SEC charges former Bitcoin-denominated exchange and operator with fraud http://ow.ly/duoT30ixstX
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February 21, 2018, 09:47:16 PM
 #6571

It's very simple. The whole time bitconnect ran, the BCC price went up a lot faster than the interest they were paying. Including the capital releases, the lending was profitable for bitconnect as they were accumulating more and more BCC coins and paying out less BCC than the amount loaned to them.

Nobody is disputing this. The people who run Ponzi scams make a profit from it. That's why they run them.

Assuming they had zero BCC reserves (although they actually had millions) they wouldn't need to use BCC from new investors to pay the interest so it wasn't a ponzi!

That is only true if the price of the token keeps going up forever. Eventually the price stops going up. After that the scammers need to either start giving back some of their profits or close down the scam. From their point of view the most profitable thing to do is to close down the scam. That's what happened.

While the price was high they didn't "need" to sell any of their tokens, but since selling their tokens was their only way of profiting from the scam, and since they knew the price of the tokens would drop massively as soon as they shut down their scam, of course they were selling their tokens. They didn't "need" to, unless they actually wanted to make a profit from running their Ponzi scam.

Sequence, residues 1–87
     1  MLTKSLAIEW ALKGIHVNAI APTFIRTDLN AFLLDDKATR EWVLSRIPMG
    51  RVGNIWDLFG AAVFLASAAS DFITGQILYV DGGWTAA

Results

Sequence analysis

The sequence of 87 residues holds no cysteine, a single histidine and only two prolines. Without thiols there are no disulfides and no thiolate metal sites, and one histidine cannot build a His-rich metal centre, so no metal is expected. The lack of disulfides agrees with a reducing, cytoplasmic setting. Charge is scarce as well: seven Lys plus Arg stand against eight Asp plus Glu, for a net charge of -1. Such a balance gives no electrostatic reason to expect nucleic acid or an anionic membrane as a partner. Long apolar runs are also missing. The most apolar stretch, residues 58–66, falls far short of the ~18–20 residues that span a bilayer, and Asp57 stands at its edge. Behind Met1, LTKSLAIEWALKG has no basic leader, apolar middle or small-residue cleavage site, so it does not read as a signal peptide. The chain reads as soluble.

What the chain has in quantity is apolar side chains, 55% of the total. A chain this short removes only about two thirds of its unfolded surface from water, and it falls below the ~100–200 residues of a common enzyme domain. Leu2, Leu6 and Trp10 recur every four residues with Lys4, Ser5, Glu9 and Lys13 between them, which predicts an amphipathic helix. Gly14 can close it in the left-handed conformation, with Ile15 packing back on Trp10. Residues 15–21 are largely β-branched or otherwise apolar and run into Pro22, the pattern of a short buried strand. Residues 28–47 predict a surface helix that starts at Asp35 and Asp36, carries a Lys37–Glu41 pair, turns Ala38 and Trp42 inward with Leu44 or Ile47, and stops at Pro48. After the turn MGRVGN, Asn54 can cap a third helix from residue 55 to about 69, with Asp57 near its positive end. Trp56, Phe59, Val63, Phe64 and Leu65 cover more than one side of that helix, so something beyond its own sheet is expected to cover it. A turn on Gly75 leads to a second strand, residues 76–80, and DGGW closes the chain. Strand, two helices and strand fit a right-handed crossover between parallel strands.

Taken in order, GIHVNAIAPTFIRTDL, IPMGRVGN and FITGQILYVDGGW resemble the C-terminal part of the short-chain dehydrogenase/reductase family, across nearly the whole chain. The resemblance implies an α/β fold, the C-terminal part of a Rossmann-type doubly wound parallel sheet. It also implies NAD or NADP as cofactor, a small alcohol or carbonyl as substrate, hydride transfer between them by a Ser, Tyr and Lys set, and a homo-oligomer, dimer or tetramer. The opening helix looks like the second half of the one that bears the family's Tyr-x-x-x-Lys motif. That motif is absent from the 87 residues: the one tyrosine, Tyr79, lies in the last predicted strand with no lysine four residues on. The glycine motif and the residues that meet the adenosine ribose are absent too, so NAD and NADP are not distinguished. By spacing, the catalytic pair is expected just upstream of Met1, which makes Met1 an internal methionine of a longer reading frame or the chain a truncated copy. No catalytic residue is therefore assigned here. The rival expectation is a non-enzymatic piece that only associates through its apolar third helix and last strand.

Regarding affiliates, remember the BCC loaned to bitconnect could also be staked by them (8% a month or so).

Staking is a zero sum game. There is no reason it should increase market cap, and so it should tend to cause the price per unit to fall in proportion to the corresponding increase in money supply.

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February 21, 2018, 10:09:54 PM
 #6572

A Bitconnect exchange bug sees one user try to cash out $20 trillion worth of BCC

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February 21, 2018, 11:18:36 PM
 #6573

Where can I find that guy who screams bitconnect?  Shocked Shocked

Here, where a coin has been created in his honor...
https://bitcointalk.org/index.php?topic=2994076.0

★ ★ ★ ★ ★   DeepOnion    Anonymous and Untraceable Cryptocurrency    TOR INTEGRATED & SECURED   ★ ★ ★ ★ ★
› › › › ›  JOIN THE NEW AIRDROP ✈️        VERIFIED WITH DEEPVAULT  ‹ ‹ ‹ ‹ ‹
▬▬▬▬▬▬▬▬▬▬▬▬▬▬▬   ANN  WHITEPAPER  FACEBOOK  TWITTER  YOUTUBE  FORUM   ▬▬▬▬▬▬▬▬▬▬▬▬▬▬▬
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February 22, 2018, 02:21:54 AM
 #6574

Where can I find that guy who screams bitconnect?  Shocked Shocked

Here, where a coin has been created in his honor...
https://bitcointalk.org/index.php?topic=2994076.0

And the hits-cum-fits just keep on a comin' --> https://www.youtube.com/watch?v=q7MKutg-GU4
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February 22, 2018, 05:49:44 AM
 #6575

These fusking scammers will find their day later, they will pay for their crimes of stealing other's money. Let the DAVOR coin dev follow their fate and put them together in jail to serve the punishment for their crimes.